South Africa’s first fully robotic parcel sortation system now operational at Johannesburg logistics hub

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What is thought to be the first fully robotic parcel sorting system to be deployed in South Africa is now operational at the Johannesburg hub of the country’s leading e-commerce and logistics services company, BUFFALO Couriers.
 
The sortation system at BUFFALO’s 35,000 square metre multi-client facility was supplied and installed by Black Rhino and features 90 autonomous mobile robots from LiBiao Robotics’ ‘Mini Yellow’ range.


Among the key drivers behind BUFFALO’s decision to adopt LiBiao Robotics’ robot technology are the greatly improved picking accuracy and advances in parcel throughput speed that the system delivers. Indeed, so great are the benefits that the ability to eradicate sorting errors and process parcels quickly and accurately is expected to result in Buffalo seeing a return on its investment within 18 months.

When planning the upgrade at the Johannesburg site, BUFFALO initially considered a traditional conveyor-based solution. However, the company’s management team was impressed by the energy efficiency and system up-time benefits that LiBiao Robotics’ robots offer in comparison.

Not only are the robotic system’s running costs significantly less but, should the facility’s power supply suffer a brief interruption – a common problem in some parts of Africa, the robots continue to perform thanks to their built-in electric battery and independent control system.

With conveyor systems a power outage can have a significant impact on parcel throughput speeds and result in increased operational overheads if extra unplanned maintenance work has to be undertaken following a power cut.

And, of course, unlike conveyor-based sorting systems which must be shut down to allow essential repairs to be carried out if a fault develops, in the unlikely event of a malfunctioning robot the individual unit is simply removed from the ‘shop floor’ and quickly replaced - with no discernible drop in throughput capacity and without incurring extra service costs.

From start-to-finish it took under a single week to install BUFFFALO’s system and no significant alterations to the infrastructure of the company’s existing building were necessary. Furthermore, thanks to the simplicity of the robots’ clever design BUFFALO’s warehouse personnel needed little more than a few minutes of training to become comfortable with the technology.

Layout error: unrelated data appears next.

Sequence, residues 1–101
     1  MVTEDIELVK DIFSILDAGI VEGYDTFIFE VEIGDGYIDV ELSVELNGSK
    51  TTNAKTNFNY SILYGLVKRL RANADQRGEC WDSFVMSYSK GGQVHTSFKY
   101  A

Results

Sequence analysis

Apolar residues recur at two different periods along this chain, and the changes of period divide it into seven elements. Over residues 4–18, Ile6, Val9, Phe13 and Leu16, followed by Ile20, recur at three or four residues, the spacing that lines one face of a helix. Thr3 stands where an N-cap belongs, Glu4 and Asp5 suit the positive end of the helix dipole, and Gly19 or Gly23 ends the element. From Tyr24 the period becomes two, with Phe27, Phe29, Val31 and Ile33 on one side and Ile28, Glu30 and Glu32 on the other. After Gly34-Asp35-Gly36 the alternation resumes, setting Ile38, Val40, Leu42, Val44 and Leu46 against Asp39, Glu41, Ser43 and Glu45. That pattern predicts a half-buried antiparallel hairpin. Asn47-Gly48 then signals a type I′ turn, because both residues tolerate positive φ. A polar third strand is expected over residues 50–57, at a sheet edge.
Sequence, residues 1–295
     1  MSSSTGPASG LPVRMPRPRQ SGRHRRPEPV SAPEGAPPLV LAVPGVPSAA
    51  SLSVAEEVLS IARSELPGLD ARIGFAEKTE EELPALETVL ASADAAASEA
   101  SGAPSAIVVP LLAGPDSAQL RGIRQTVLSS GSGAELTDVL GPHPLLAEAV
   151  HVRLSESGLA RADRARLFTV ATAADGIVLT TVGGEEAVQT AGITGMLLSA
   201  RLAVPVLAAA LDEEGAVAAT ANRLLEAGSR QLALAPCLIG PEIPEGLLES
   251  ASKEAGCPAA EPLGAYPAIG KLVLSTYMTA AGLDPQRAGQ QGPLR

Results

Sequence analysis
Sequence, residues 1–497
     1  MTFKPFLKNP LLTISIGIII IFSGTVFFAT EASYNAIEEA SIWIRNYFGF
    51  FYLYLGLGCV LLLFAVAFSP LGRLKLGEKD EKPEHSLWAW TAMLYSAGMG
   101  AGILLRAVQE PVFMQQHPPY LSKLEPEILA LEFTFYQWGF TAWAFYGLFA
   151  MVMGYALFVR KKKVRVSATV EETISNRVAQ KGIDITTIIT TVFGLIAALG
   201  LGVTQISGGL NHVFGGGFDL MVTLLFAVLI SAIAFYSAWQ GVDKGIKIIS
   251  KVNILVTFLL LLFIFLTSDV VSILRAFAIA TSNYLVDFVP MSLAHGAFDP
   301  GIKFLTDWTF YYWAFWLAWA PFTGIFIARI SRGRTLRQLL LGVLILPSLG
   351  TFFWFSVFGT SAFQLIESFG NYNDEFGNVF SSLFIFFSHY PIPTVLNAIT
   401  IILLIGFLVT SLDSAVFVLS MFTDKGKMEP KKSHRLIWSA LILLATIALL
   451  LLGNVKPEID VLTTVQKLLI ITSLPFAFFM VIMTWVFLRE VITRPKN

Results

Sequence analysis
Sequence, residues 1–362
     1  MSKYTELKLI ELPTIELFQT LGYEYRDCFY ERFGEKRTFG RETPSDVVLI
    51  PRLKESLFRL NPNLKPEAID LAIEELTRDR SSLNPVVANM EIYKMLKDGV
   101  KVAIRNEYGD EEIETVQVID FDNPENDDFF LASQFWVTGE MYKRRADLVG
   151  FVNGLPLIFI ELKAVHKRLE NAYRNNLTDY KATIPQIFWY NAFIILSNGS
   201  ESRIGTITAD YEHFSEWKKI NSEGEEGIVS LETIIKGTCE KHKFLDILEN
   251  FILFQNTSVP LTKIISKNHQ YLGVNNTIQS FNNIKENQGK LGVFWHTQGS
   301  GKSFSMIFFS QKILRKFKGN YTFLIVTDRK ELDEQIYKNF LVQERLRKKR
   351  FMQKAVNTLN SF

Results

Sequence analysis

BUFFALO has calculated that its warehouse personnel are now productive for around 95 per cent of their time – before the introduction of the LiBiao Robotics sortation system this figure was as low as 25 per cent.

At BUFFALO parcels are placed onto a ‘Mini Yellow’ robot at the system’s induction point. The package’s shipping label is automatically scanned and the robot receives instructions to deliver the parcel to one of a series of destination chutes located around the perimeter of the operating platform.

A destination chute is assigned based on the town or city to which the parcel is bound and the system’s navigation technology directs the robot and its load to the designated chute via the shortest route.

BUFFALO’s warehouse manager, Catherine van Zyl, said: “With our local delivery service covering city centres as well as remote parts of the country, we face a range of different logistics challenges every day within our business. But by investing in advanced technology and equipment, such as our new LiBiao Robotics robot-based parcel sortation system implemented by Black Rhino, we ensure the shortest fulfilment times as well as providing maximum protection and safety for our clients’ packages as they pass through the supply chain.”

“In today’s ultra-competitive online order fulfilment arena a highly efficient parcel sortation operation is essential. Our mission is to provide productive, reliable, and safe solutions that allow our clients to fulfil their orders in the shortest time possible,” added Black Rhino’s general manager, Mike Zhang. 

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